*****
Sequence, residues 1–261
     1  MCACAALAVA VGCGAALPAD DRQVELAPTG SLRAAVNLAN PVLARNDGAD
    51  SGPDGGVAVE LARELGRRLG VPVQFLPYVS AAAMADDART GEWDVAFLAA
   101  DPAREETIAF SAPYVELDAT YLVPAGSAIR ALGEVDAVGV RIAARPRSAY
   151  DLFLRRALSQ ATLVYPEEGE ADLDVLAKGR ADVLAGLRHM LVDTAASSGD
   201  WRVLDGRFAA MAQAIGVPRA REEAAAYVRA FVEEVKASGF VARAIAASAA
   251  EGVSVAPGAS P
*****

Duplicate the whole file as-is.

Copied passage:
Sequence, residues 1–261
     1  MCACAALAVA VGCGAALPAD DRQVELAPTG SLRAAVNLAN PVLARNDGAD
    51  SGPDGGVAVE LARELGRRLG VPVQFLPYVS AAAMADDART GEWDVAFLAA
   101  DPAREETIAF SAPYVELDAT YLVPAGSAIR ALGEVDAVGV RIAARPRSAY
   151  DLFLRRALSQ ATLVYPEEGE ADLDVLAKGR ADVLAGLRHM LVDTAASSGD
   201  WRVLDGRFAA MAQAIGVPRA REEAAAYVRA FVEEVKASGF VARAIAASAA
   251  EGVSVAPGAS P